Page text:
Asphalt Compaction

Asphalt is used to pave thousands of miles of roadways and parking lots throughout the world. But where does asphalt come from, and why do we use it so much? Asphalt is actually a naturally occurring substance that has been used to provide mortar for thousands of years. However, the asphalt we know today is a byproduct of petroleum. The asphalt we see paving today’s roads is known as asphalt concrete. This material is made up of a combination of residual particles created during the petroleum separation process and the asphalt which acts as a binding material to keep it together.  Since the early 1900s, asphalt has been a top choice for paving contractors and road builders, as it is highly waterproof, durable, flexible, and can be refined to fit a particular climate.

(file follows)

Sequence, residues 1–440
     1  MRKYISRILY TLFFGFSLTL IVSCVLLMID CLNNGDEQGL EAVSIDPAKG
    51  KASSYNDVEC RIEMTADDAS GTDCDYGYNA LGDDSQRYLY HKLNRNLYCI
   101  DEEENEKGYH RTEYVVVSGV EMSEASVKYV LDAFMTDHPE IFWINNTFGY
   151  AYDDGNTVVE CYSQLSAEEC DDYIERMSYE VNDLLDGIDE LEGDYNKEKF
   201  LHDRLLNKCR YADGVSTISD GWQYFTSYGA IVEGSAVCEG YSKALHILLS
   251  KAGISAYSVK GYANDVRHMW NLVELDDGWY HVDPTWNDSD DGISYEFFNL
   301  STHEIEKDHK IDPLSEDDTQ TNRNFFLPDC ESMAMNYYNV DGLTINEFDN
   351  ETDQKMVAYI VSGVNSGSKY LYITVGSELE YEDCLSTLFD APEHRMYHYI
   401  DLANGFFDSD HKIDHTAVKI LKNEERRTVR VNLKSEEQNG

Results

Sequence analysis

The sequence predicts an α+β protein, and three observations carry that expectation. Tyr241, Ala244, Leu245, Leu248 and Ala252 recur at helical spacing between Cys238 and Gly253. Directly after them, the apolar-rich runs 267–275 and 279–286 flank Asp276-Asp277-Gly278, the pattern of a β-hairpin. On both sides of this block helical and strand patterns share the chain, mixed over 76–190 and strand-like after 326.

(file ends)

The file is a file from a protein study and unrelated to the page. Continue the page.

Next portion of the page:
Asphalt is typically mixed with residual particles in a mixing plant, and then transported to the jobsite, where it is then dropped off for compaction. Depending on the job size, compaction equipment that is used can range from a tamping rammer, jumping jack, or small plate compactor, to a 120,000 lbs road roller. When using a plate compactor or tamping rammer, it is important to use water to avoid the asphalt sticking to the plate and provide proper lubrication. The Tomahawk TPC90H Plate Compactor. was designed for asphalt compaction, and features seamed edges, allowing for mark-less compaction. Tomahawk Power recommends using the TPC90H when compacting in areas where a larger piece of equipment might not fit, such as a narrow corridor, or along a wall. The TPC90H is also excellent for asphalt patchwork, and small road repair. The high vibration frequency that the TPC90H delivers is ideal for asphalt compaction, as the residual particles need to be moved about to eliminate any air pockets or inconsistencies in the density of the asphalt. This also ensures high water resistance, which is critical to the long life of a road or parking lot.